Due to health concerns related to the COVID-19 pandemic, the Warmland House shelter on Lewis Street is reducing the number of people it can take in each night.
Executive director Lise Haddock said BC Housing, which provides funding for the shelter and its programs, has instructed Warmland to reduce the number of people it takes in each night from 15 to a maximum of 12.
She also said that while the shelter is beginning its annual extreme weather program, the number of beds BC Housing is allowing this winter is eight extreme-weather beds, down from the usual 15.
“Due to COVID-19 protocols, we are not able to provide the required space between people at our regular numbers,” Haddock said.
“We’re trying to accommodate as may people as we can, but BC Housing is responding cautiously during the pandemic, and we want to keep our clients and staff as safe as possible.”
BC Housing is encouraged that our shelter operators are adhering to BC Government COVID-19 guidelines. Due to COVID-19, shelters in Duncan and across the province have reduced spaces to meet health and safety physical distancing requirements. These COVID-19 guidelines are also in place throughout the 2020/2021 winter shelter season.
A statement from BC Housing confirmed the reductions of available beds at Warmland House, and other shelters across the province due to the ongoing health pandemic.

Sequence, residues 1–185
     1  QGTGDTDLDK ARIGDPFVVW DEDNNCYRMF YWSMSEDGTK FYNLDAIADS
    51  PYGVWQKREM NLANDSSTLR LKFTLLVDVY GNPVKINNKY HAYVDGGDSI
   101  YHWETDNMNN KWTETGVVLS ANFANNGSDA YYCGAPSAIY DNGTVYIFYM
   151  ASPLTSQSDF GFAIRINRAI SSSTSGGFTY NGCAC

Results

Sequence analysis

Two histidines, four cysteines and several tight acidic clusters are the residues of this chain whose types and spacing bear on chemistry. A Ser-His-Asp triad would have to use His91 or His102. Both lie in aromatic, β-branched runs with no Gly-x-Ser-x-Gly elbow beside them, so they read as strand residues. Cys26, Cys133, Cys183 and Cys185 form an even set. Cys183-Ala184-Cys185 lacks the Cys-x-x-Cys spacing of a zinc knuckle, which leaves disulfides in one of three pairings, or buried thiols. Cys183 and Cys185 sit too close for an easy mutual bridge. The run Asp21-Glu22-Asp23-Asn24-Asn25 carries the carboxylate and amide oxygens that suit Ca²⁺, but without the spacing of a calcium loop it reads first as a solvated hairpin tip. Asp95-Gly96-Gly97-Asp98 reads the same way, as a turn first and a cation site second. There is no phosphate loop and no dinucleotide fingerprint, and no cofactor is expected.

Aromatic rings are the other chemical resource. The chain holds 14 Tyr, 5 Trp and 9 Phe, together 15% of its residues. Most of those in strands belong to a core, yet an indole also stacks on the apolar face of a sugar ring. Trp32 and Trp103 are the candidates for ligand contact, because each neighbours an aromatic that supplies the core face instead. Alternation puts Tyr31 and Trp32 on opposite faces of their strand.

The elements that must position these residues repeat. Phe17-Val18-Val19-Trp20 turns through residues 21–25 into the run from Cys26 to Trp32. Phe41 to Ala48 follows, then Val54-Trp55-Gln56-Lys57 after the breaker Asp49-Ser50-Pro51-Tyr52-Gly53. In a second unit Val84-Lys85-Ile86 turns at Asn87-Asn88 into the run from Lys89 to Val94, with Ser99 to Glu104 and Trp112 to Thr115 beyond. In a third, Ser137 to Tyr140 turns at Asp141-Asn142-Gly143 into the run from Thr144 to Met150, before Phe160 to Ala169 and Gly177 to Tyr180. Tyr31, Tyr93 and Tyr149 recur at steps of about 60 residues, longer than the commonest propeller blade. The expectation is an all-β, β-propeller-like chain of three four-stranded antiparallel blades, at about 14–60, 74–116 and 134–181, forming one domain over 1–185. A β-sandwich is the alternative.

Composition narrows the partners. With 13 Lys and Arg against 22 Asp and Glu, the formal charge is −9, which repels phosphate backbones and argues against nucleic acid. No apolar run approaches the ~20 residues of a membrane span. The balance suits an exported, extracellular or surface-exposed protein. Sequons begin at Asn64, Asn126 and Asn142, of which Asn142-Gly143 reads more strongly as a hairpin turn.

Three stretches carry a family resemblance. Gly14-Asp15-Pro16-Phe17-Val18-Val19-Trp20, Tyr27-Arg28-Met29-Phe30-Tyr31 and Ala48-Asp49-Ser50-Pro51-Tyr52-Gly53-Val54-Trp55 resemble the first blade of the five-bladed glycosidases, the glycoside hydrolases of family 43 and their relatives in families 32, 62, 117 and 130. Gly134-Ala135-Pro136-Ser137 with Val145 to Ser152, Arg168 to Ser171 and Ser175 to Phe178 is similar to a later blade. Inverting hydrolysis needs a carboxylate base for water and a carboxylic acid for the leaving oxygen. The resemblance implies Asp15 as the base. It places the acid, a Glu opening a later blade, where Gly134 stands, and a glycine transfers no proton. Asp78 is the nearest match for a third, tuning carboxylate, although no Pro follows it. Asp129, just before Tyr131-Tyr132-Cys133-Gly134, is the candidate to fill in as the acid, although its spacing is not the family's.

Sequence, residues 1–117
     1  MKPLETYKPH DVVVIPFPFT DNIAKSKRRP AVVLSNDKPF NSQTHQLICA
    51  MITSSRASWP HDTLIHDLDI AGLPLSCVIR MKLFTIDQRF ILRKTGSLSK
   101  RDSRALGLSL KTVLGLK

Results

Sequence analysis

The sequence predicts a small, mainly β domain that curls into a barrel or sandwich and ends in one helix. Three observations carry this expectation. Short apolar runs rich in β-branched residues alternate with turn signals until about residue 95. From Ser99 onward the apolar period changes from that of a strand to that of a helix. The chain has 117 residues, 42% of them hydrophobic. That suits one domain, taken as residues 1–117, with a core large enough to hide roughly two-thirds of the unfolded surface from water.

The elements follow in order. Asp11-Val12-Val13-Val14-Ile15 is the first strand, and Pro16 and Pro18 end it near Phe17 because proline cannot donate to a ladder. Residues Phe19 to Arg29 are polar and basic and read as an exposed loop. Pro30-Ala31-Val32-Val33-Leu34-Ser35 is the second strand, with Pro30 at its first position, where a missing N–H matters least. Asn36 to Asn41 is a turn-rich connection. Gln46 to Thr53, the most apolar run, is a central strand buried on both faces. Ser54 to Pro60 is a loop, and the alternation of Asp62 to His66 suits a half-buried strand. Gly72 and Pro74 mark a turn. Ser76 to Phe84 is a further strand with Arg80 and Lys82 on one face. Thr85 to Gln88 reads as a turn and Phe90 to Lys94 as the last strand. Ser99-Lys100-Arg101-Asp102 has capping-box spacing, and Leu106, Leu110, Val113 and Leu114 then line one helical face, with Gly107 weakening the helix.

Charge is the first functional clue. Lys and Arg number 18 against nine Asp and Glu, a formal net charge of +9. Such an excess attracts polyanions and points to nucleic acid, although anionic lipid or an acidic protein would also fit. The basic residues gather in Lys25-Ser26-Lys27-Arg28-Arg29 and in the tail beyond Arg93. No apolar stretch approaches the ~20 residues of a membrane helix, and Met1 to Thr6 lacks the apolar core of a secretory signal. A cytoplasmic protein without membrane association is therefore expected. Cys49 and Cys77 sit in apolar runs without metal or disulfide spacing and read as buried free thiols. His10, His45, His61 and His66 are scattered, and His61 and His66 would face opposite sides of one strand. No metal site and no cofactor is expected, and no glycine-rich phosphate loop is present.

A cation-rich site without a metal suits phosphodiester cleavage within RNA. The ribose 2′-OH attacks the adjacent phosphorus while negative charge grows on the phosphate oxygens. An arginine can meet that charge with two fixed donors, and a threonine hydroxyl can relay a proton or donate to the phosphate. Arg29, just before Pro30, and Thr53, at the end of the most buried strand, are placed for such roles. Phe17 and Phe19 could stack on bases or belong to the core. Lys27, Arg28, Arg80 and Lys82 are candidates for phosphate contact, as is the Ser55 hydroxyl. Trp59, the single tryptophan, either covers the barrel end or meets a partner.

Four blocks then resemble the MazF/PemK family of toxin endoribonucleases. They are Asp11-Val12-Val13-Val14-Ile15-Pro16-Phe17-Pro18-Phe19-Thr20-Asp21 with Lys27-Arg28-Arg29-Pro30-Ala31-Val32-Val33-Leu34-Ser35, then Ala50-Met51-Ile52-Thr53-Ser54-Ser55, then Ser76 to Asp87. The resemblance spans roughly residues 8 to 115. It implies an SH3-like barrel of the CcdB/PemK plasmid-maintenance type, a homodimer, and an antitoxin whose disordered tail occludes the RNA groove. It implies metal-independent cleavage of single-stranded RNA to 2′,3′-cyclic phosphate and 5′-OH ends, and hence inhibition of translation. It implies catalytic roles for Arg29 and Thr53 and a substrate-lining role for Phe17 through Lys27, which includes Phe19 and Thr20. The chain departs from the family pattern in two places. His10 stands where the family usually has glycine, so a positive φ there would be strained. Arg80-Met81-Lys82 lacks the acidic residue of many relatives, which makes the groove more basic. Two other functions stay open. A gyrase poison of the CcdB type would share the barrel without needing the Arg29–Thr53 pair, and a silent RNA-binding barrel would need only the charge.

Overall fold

But the statement said that, new this year, BC Housing has leased 34 hotel spaces in Duncan that are available for people experiencing or at-risk of homelessness.
“These sites were not available prior to the COVID-19 pandemic and are currently all occupied,” the statement said.
“BC Housing continues to explore options with our partners, as we do in all communities, to increase capacity to support people experiencing or at risk of homelessness. Early next year, construction is expected to begin on two new permanent supportive housing projects in Duncan with a capacity of approximately 100 units.”
Warmland is designed to be a gateway to stable housing and integrated, client focused support services to adult men and women who are coping with a variety of challenges, such as mental illness, addiction and chronic health conditions.
Haddock said the shelter is currently running at capacity, but there are no line ups for spaces at night at this time.
“We’re not the only shelter that BC Housing has cut back service due to the pandemic, and a cold snap will likely come soon that will see an increase in demand for services,” she said.
“We’re hoping that other groups in the community will come up with shelter beds if necessary.”